Google among ad networks doing business with shady injector services

Rogue web plug-ins that inject their own content over the top of legitimate ads are still in widespread use by unscrupulous advertisers and Google, Yahoo and other major networks are keeping them in business, according to a recent study.

An ad injector is usually installed on an end-user's computer as part of a bundle in a free software download, according to Harvard Business School associate professor Ben Edelman and the founder of fraud detection service iPensatori, Wesley Brandi. Once active, the injector can modify the way the user's browser displays web pages, allowing advertisers to slap their own content onto any website they want even if it blocks out existing ads or violates a site's ad policies.

[MORE GOOGLE:Google fixes lengthy, widespread Gmail malfunction]

The companies behind the injectors have substantial advantages over legitimate advertisers, the authors noted injected ads tend to rate well on click-through and conversion analytics, and the fact that the injectors don't have to spend any money creating content of their own makes them even more profitable.

Moreover, the complexity, automation and large number of intermediaries present in the online ad market mean that it can be difficult to detect injector traffic, which means that both those intermediaries and the advertisers themselves may inadvertently contribute to the problem.

"For example, if traffic flows from an injector to intermediary A to B to C to D to an advertiser, the advertiser may never be told that it is actually buying injector traffic rather than (or in addition to) placements in genuine web sites," the study said.

Mainstream exchanges, advertisers and networks generally claim that they do not do business with injectors but Edelman and Brandi found that this claim is frequently untrue. The authors' observations of Google, Yahoo, AppNexus and Advertising.com, among many others, demonstrated that they do indeed handle injector traffic.

"Our data reveals a stark disconnect between advertising industry claims and actual practices," they wrote.

Speaking to Network World, Edelman urged ad exchanges to take a firmer stand against injectors, characterizing the practice as "stealing from publishers."

"There are more things they could be doing," he says. "One, having an official policy. Two, bringing that policy to everyone's attention any ad network selling any inventory through a Google ad exchange or an AppNexus ad exchange, they're privy to all kinds of terms and conditions."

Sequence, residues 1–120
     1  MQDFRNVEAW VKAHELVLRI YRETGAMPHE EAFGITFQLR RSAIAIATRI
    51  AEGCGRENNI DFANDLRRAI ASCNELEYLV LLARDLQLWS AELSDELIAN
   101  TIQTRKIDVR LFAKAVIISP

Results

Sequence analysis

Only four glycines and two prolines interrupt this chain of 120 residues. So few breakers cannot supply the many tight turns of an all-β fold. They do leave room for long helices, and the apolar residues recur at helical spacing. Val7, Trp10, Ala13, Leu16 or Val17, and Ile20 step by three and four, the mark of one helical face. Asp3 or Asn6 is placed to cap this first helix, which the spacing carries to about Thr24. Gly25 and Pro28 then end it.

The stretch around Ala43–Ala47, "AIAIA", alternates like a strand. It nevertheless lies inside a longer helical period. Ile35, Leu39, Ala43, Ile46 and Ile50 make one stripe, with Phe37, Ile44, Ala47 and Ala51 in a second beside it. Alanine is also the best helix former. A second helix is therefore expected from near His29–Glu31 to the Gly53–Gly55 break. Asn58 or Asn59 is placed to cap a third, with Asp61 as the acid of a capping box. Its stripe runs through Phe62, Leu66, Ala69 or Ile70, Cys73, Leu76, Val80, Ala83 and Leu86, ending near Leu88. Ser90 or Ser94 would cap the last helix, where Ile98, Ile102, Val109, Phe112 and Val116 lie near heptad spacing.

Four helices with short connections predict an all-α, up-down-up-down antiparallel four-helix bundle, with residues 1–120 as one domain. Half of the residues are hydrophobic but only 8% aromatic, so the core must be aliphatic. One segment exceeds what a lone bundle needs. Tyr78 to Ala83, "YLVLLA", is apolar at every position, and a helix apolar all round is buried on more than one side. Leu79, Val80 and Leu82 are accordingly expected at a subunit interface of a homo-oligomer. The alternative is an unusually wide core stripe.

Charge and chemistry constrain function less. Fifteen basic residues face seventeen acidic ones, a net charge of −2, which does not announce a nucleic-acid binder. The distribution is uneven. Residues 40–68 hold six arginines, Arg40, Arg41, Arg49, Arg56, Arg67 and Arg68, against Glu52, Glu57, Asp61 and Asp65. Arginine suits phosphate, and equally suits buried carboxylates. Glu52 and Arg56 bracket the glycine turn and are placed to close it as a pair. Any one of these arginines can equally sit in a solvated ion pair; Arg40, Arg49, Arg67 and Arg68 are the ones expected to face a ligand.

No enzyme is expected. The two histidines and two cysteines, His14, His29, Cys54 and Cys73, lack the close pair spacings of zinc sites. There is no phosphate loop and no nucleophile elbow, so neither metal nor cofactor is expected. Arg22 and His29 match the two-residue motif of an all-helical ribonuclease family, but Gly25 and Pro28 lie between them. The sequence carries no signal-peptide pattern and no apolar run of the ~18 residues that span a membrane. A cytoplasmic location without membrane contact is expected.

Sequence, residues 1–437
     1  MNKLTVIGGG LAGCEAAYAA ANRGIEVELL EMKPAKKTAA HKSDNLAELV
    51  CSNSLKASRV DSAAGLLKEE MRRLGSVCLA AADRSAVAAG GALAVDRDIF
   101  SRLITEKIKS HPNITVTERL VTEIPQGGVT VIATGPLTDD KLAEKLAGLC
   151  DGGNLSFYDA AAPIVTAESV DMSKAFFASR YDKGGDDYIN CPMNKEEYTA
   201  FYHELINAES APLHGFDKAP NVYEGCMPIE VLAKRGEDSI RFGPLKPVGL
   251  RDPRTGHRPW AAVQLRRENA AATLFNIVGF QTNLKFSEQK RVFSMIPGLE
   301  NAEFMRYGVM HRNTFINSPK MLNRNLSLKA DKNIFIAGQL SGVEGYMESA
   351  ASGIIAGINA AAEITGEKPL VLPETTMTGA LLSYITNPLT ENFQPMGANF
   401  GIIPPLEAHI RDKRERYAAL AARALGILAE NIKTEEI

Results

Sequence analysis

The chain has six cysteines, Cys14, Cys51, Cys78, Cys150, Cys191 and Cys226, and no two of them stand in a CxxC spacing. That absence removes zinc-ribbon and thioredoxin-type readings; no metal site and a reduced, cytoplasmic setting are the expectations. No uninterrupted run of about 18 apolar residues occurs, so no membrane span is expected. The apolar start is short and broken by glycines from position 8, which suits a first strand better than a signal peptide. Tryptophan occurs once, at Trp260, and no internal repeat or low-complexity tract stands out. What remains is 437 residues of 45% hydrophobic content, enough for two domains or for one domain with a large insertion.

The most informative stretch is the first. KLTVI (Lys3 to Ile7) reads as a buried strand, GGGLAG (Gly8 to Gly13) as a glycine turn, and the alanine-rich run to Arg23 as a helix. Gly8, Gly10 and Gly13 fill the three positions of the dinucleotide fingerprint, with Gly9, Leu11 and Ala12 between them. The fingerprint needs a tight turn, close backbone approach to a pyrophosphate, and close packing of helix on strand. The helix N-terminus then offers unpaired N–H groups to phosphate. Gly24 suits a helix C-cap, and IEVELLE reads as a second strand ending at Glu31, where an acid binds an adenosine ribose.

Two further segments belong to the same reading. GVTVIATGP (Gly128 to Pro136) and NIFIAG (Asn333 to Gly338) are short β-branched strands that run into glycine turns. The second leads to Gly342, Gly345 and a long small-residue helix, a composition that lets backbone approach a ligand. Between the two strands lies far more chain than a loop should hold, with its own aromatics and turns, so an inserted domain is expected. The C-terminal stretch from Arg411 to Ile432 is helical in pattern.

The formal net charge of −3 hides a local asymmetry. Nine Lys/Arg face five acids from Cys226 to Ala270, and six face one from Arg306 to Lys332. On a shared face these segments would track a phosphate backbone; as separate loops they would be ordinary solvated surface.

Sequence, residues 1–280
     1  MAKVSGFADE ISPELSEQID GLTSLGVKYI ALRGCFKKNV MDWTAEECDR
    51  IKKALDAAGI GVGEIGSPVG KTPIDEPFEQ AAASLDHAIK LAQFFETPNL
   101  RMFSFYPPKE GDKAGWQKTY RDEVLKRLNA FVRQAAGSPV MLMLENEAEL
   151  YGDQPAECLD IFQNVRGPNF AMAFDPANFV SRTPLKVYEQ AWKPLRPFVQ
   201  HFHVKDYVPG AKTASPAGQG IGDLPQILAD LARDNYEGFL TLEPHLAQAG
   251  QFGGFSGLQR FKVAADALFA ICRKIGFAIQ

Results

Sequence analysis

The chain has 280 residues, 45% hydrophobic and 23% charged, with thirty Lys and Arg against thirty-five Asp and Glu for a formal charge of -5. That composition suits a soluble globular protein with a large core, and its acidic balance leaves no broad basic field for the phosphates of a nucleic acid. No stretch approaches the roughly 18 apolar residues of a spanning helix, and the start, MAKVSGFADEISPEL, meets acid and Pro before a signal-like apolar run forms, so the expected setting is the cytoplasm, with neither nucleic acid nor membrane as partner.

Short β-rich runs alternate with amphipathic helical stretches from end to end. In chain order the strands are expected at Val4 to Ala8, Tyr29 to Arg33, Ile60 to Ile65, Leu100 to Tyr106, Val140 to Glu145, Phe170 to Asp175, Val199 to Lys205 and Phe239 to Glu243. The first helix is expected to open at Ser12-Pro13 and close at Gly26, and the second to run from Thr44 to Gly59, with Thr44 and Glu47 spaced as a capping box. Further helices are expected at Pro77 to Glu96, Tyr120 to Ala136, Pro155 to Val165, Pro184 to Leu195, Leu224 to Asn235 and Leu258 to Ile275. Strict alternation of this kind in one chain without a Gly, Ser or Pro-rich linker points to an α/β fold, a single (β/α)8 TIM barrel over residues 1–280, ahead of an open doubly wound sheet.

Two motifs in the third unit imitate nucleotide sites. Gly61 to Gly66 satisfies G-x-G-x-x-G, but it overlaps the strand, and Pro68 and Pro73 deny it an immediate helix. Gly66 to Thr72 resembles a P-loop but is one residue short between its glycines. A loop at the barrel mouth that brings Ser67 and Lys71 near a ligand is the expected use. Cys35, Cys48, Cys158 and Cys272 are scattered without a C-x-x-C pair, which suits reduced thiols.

While the sums of money involved in ad injection likely don't mean much to Google court filings show that one major ad injector called Sambreel was taking in about $8 million a month as of November 2011 they're hardly small potatoes to most other companies.

"This is still just an annoying flea to Google, it's not an important part of their business. But to an advertiser, it can be very important," Edelman says.

Google had not responded to requests for comment at the time this article was published.

Email Jon Gold at jgold@nww.com and follow him on Twitter at @NWWJonGold.

Read more about wide area network in Network World's Wide Area Network section.

Join the newsletter!

Or

Sign up to gain exclusive access to email subscriptions, event invitations, competitions, giveaways, and much more.

Membership is free, and your security and privacy remain protected. View our privacy policy before signing up.

Error: Please check your email address.
Show Comments

Latest Videos

More Videos

Google collects as much data as it can about you. It would be foolish to believe Google cares about your privacy. I did cut off Google fr...

Phil Davis

ACCC launches fresh legal challenge against Google's consumer data practices for advertising

Read more

“This new logo has been noticed and it replaces a logo no one really knew existed so I’d say it’s abided by the ‘rule’ of brand equity - ...

Lawrence

Brand Australia misses the mark

Read more

IMHO a logo that needs to be explained really doesn't achieve it's purpose.I admit coming to the debate a little late, but has anyone els...

JV_at_lAttitude_in_Cairns

Brand Australia misses the mark

Read more

Hi everyone! Hope you are doing well. I just came across your website and I have to say that your work is really appreciative. Your conte...

Rochie Grey

Will 3D printing be good for retail?

Read more

Very insightful. Executive leaders can let middle managers decide on the best course of action for the business and once these plans are ...

Abi TCA

CMOs: Let middle managers lead radical innovation

Read more

Blog Posts

The obvious reason Covidsafe failed to get majority takeup

Online identity is a hot topic as more consumers are waking up to how their data is being used. So what does the marketing industry need to do to avoid a complete loss of public trust, in instances such as the COVID-19 tracing app?

Dan Richardson

Head of data, Verizon Media

Brand or product placement?

CMOs are looking to ensure investment decisions in marketing initiatives are good value for money. Yet they are frustrated in understanding the value of product placements within this mix for a very simple reason: Product placements are broadly defined and as a result, mean very different things to different people.

Michael Neale and Dr David Corkindale

University of Adelaide Business School and University of South Australia

Why CMOs need a clear voice strategy to connect with their customers

Now more than ever, voice presents a clear opportunity to add value to an organisation in many ways. Where operational efficiencies are scrutinised, budgets are tighter and discretionary consumer spend at a low, engaging with an audience is difficult.

Guy Munro

Head of innovation and technology, Paper + Spark

Sign in